Outdoor learning needs to be enjoyable and engaging for adolescents to gain from it educationally. Learning about nature and natural laws while physically exploring the outdoor elements is a good example of learning through play. Outdoors role play can be used in countless ways, including as an addition to a history lesson or to recapitulate lessons from the classroom.

Building and art projects are also forms of play that work well in the outdoors, providing great insight into students’ motivations, interests and talents. Other alternatives include outside quizzes or charades - students can play historical figures, chemical elements, or countries. The possibilities are endless - even asking students if they can think of any ways that lessons can be converted to the outdoors will provide an opportunity to hone imagination and initiative.

The most effective form of outdoor learning through play is when teachers refrain from trying to control the entire content and direction of the play. Teachers can offer suggestions, input, information or perspective without intervening to the point where they are seen as a controlling authority figure. The latter only acts to reduce levels of creativity, spontaneity and cognitive development.

Rather than telling students what to do, there is great benefit from allowing students to shape the form and flow of learning through play on their own, under gentle guidance. Teachers do need to prepare the outside environment with material and tools that can prompt outdoors learning, however.

Should Teachers Play?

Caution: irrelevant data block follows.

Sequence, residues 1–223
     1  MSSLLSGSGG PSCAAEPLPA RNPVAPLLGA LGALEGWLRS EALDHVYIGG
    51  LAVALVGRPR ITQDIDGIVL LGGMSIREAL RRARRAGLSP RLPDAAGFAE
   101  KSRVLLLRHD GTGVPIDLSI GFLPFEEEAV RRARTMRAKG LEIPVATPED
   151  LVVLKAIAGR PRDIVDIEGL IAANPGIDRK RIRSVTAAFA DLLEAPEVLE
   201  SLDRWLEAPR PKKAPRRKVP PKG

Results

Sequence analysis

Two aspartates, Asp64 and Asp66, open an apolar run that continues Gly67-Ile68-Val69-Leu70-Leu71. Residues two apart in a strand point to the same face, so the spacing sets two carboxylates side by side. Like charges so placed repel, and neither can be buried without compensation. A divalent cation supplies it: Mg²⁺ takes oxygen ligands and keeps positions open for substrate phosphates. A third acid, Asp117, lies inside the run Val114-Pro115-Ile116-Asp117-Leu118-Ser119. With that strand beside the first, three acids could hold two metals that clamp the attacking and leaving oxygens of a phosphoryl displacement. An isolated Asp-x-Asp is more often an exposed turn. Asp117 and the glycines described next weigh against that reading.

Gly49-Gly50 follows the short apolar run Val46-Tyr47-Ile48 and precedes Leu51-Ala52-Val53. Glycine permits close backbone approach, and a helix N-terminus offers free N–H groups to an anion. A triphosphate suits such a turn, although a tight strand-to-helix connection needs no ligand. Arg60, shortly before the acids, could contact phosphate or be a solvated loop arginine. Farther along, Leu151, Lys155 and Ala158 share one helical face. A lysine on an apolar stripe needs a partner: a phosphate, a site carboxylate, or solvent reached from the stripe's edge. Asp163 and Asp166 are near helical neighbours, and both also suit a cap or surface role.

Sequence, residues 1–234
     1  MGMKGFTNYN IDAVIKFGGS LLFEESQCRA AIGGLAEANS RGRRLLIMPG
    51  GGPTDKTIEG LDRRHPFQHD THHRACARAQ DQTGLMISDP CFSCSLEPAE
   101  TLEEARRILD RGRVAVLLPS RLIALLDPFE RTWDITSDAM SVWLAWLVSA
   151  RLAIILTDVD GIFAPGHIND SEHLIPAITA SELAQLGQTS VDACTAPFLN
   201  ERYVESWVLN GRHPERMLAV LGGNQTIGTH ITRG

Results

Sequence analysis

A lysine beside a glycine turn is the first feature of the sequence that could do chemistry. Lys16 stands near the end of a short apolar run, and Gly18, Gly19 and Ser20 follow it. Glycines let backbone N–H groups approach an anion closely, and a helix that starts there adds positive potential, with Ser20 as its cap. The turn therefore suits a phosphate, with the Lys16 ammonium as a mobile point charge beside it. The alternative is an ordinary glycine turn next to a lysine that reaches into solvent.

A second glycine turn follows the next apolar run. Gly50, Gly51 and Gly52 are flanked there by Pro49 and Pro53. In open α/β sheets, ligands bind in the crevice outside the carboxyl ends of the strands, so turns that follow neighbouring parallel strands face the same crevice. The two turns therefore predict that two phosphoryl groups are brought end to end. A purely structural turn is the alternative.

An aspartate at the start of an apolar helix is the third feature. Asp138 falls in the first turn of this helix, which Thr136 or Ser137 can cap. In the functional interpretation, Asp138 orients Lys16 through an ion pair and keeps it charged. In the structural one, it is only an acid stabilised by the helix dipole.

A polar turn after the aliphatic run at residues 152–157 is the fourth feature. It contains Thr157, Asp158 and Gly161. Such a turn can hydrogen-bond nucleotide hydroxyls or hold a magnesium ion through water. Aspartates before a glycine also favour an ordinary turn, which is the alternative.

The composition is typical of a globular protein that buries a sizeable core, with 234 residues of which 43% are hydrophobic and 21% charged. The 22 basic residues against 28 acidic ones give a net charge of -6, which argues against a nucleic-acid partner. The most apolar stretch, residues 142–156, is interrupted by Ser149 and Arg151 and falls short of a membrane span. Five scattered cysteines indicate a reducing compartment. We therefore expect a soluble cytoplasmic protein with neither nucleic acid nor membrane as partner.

“Role modelling is critical – if you embody a playful spirit, then students will simply model that. If you can get one or two students on board, then the task of playful learning is well on the way to being a big success,” says Dyment. Also, by being an ‘insider’ in any ‘learning games,’ teachers can guide and shape learning without coming across as dictatorial. This is key to building enthusiasm and free thinking in students. It’s possible to nudge students in a certain direction or make suggestions, but sometimes it’s best to have an open-mind and let the students guide the lesson. ‘Playing’ with students also provides an opportunity to observe them more closely than traditional teaching methods: how they start activities, who the leaders and facilitators are, and who stands on the side. Students will differ significantly in behaviour, especially when playing in nature, which has a calming effect. How are they approaching the game? Which materials and mediums are they most drawn to? What are their interests? Look at the way students interact, what roles they take on, and how they project themselves. This is valuable information that can help teachers work with students on an individual level and in accordance with different strengths and needs. Outdoor learning through play cultivates self-reliance, communication and problem-solving skills, and increases self-confidence. It also helps students envision possible real-life applications of the school curriculum. Seeing their teachers play can also prove effective in strengthening the student-teacher relationship. So, there’s only really one thing left to do - get outdoors and play! Active spaces There is a strong argument for secondary schools offering designated outdoor environments and equipment for ‘organised play.’ It’s important for students to have quality and age-appropriate equipment to cultivate their learning. Benches, gardens, stages, tents, huts and multi-use play areas are just a few examples of equipment that can be designed and built by students with the help of a qualified adult. This could be integrated into technology classes. Teachers and students can craft their own outdoor learning environments, constructing their own scenery and stages for outdoor costume plays. Dr Janet Dyment Dyment says of designated play areas, “Lots of green, natural, diverse equipment – I think the natural elements are the most supportive of creative play. Trees, rocks, shrubs, gardens, vegetable patches ... this allows for a diversity of play experiences.”